Excellent

LITTLE ORPHAN ANI

TYLENOL TALENT

STUPID BLOODY STUPID!

Interview

All the News That Didn't Fit

On the Record

The Olympia Connection, Or Lack Thereof

Excellent

The Numbness Is Just a Bonus

Hiphop City

WEEN ARE THE WORLD

Soul by the Pound

EXCELLENT REAL ROCK QUOTES

Incest is Best

The Rise and Fall of the N-Word

DEXYS MIDNIGHT RUNNERS

If You Don't Have Anything Nice to Say, Tell the Truth Anyway

You Don't Own Me

Summer Lovin'

Stagger Lee

Music to Lose Your Job By

Boy, You Sure Can Take the Fun Out of Music

CINEMATIC CLICHE

Stuart Braithwaite From Mogwai

Going to New York City?

THE CHURCH OF COLTRANE

A Whole N'other Level

Who Says Morrissey Fans Don't Get Laid?

ISSA ROCKA ROLL

Not Modest Enough

A music snob is anyone who can't distinguish between subjective opinions and objective reality. And Seattle is full of folks who believe their taste defines right and wrong. I can't respect a music snob who makes judgments of others based on bands. It's one thing to passionately admire or despise a band, and another thing, for example, to dismiss all Sky Cries Mary fans.

An offshoot of this kind of music snobbery has become an issue in Seattle recently. In a town noted for band-hopping, side projects, and cross-pollination, musicians are disowning their pasts for fear that music snobs won't give their new bands a chance.

Kinski is a new-ish local band who have just released a foggy, enveloping debut CD, and played several knockout shows in the past few months. Kinski's dirty little secret is that their lead singer/guitarist, Chris Martin, used to be in the power-pop band the Deflowers. Kinski have made an effort to divorce themselves from that connection, which is natural since the bands have divergent sounds. But the subtext is this: If Seattle music snobs knew of the connection to the Deflowers, they might not give Kinski a fair chance.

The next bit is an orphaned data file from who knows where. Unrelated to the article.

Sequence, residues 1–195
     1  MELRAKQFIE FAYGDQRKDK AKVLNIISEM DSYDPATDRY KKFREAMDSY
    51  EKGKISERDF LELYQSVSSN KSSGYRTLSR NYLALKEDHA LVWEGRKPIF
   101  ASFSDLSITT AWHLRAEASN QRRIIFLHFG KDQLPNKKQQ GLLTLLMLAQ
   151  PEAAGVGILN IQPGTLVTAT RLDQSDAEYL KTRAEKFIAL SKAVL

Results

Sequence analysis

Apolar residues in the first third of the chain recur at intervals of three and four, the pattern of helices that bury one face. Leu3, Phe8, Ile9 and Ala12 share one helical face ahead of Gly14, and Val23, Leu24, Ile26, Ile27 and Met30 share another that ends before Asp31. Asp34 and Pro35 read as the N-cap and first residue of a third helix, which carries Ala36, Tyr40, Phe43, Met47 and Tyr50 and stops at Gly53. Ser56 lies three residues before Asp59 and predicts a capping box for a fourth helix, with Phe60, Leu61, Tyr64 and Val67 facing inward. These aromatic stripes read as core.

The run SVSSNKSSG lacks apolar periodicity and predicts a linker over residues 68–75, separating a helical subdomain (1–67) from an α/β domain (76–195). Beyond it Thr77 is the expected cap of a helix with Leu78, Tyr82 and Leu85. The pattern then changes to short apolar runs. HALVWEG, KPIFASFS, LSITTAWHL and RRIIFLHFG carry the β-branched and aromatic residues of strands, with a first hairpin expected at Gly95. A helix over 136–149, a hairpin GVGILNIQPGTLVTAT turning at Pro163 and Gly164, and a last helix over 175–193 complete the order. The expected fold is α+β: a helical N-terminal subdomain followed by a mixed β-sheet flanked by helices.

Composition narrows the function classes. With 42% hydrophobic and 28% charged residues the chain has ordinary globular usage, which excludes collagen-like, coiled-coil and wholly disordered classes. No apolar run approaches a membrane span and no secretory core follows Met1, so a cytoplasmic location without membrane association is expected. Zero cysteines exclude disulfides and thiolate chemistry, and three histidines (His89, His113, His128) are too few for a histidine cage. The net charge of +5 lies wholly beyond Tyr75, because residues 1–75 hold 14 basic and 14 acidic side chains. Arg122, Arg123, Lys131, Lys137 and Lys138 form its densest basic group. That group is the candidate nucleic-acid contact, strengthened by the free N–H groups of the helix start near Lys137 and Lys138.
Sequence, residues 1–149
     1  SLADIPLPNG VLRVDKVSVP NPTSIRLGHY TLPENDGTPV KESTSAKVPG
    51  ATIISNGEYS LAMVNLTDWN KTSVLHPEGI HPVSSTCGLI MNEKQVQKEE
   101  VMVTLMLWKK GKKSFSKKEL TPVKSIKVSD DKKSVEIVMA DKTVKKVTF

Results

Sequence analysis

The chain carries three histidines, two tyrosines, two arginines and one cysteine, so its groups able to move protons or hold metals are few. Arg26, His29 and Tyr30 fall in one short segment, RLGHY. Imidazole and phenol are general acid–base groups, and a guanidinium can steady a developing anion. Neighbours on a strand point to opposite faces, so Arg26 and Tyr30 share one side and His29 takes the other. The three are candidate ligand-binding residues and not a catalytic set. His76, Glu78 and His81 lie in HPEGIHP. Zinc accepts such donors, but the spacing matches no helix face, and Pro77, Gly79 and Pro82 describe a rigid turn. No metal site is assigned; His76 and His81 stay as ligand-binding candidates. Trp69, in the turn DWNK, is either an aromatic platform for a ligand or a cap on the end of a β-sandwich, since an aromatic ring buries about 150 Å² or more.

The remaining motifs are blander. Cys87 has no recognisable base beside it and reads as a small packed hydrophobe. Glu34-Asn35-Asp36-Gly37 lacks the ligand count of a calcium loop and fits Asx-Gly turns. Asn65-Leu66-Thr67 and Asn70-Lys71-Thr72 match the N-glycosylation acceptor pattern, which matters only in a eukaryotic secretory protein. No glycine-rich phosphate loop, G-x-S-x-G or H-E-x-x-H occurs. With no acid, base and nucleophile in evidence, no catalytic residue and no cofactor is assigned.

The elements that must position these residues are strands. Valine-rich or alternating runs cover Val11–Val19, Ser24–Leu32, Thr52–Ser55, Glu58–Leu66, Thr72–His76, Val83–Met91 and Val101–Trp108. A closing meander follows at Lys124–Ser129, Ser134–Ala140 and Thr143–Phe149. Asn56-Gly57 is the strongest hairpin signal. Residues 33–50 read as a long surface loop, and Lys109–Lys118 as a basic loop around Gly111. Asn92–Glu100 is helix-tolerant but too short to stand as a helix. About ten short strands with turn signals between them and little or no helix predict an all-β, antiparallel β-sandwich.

Even more of an indictment is the case of the Now. They played their first show at the Crocodile last month, and immediately became The Impressive New Seattle Band. And their spastic drummer, the life of the Now party, is also in -- shhh! -- '80s cover band the Beatniks. No one respects the Beatniks, but that fact shouldn't diminish your willingness to check out the Now. It's perfectly logical that the musicians in an '80s cover band would also have real bands. And the one shouldn't reflect poorly on the other: If the drummer was creatively fulfilled by playing in the Beatniks, he wouldn't need to be in the Now, now would he? Musicians need day jobs, and doing what you love in a band you don't care about beats doing something you hate in an office you don't care about.

When done in jest, music snobbery can be funny. But if it would stop you from going to see really superlative local bands like the Now or Kinski, as the bands themselves seem to fear it would, then it's a sad and ignorant prejudice that hurts not only yourself but the music community.